Unilateral spatial neglect (USN) is characterized by the inability to report or respond to people or objects presented on the side contralateral to the lesioned side of the brain and has been associated with poor functional outcomes and long stays in hospitals and rehabilitation centers. Pharmacological interventions (medical interventions only, use of drugs to improve the health condition), such as dopamine and noradrenergic agonists or pro-cholinergic treatment, have been used in people affected by USN after stroke, and effects of these treatments could provide new insights for health professionals and policy makers.
To evaluate the effectiveness and safety of pharmacological interventions for USN after stroke.
We searched the Cochrane Stroke Group Trials Register (April 2015), the Cochrane Central Register of Controlled Trials (April 2015), MEDLINE (1946 to April 2015), the Cumulative Index to Nursing and Allied Health Literature (CINAHL) (1982 to April 2015), EMBASE (1980 to April 2015), PsycINFO (1806 to April 2015) and Latin American Caribbean Health Sciences Literature (LILACS) (1982 to April 2015). We also searched trials and research registers, screened reference lists, and contacted study authors and pharmaceutical companies (April 2015).
We included randomized controlled trials (RCTs) and quasi-randomized controlled trials (quasi-RCTs) of pharmacological interventions for USN after stroke.
Two review authors independently assessed risk of bias in the included studies and extracted data.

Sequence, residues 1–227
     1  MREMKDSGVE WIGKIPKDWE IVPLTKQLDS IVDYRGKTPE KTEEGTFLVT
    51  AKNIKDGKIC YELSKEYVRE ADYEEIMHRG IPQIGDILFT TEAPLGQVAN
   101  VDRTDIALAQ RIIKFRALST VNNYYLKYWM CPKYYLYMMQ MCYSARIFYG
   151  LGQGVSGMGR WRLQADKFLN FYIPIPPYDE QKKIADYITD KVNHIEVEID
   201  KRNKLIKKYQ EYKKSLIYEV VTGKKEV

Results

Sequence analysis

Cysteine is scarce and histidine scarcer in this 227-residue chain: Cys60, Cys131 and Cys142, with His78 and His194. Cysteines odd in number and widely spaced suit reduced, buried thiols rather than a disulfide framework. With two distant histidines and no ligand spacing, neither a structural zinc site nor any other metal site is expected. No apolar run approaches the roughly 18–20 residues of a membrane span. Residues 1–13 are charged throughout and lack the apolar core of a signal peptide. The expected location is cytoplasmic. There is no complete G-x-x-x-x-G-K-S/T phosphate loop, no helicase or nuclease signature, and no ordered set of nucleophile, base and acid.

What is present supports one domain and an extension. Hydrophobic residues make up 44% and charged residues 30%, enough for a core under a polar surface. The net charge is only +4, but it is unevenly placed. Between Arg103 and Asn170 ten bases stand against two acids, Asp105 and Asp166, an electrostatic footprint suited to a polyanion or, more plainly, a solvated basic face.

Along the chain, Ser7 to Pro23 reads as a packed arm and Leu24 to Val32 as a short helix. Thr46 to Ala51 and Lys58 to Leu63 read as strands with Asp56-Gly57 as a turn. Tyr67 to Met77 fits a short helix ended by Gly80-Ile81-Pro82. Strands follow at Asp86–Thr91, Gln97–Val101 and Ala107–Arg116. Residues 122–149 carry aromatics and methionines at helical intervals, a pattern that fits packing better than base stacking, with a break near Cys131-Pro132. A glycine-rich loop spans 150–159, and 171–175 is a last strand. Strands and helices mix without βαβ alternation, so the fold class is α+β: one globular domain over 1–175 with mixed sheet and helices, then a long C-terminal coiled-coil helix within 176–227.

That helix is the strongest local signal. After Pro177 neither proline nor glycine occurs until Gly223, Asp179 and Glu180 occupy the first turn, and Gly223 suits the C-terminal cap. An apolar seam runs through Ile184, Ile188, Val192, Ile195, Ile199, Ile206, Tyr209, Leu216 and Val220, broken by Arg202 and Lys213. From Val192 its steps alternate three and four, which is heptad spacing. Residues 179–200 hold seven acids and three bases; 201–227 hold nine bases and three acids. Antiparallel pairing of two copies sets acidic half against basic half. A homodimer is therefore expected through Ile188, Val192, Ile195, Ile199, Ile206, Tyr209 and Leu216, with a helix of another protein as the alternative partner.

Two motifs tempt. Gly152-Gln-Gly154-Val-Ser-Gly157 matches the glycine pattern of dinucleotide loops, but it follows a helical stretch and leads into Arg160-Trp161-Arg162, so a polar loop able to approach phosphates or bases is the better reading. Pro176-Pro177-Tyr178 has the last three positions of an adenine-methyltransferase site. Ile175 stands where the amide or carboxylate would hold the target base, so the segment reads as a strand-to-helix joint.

We included in the review two studies with a total of 30 randomly assigned participants. We rated the quality of the evidence as very low as the result of study limitations, small numbers of events, and small sample sizes, with imprecision in the confidence interval (CI). We were not able to perform meta-analysis because of heterogeneity related to the different interventions evaluated between included studies. Very low-quality evidence from one trial (20 participants) comparing effects of rivastigmine plus rehabilitation versus rehabilitation on overall USN at discharge showed the following: Barrage (mean difference (MD) 0.30, 95% confidence interval (CI) -0.18 to 0.78); Letter Cancellation (MD 10.60, 95% CI 2.07 to 19.13); Sentence Reading (MD 0.20, 95% CI -0.69 to 1.09), and the Wundt-Jastrow Area Illusion Test (MD -4.40, 95% CI -8.28 to -0.52); no statistical significance was observed for the same outcomes at 30 days' follow-up. In another trial (10 participants), study authors showed statistically significant reduction in omissions in the three cancellation tasks under transdermal nicotine treatment (mean number of omissions 2.93 ± 0.5) compared with both baseline (4.95 ± 0.8) and placebo (5.14 ± 0.9) (main effect of treatment condition: F (2.23) = 11.06; P value < 0.0001). One major adverse event occurred in the transdermal nicotine treatment group, and treatment was discontinued in the affected participant. None of the included trials reported data on several of the prespecified outcomes (falls, balance, depression or anxiety, poststroke fatigue, and quality of life).
The quality of the evidence from available RCTs was very low. The effectiveness and safety of pharmacological interventions for USN after stroke are therefore uncertain. Additional large RCTs are needed to evaluate these treatments.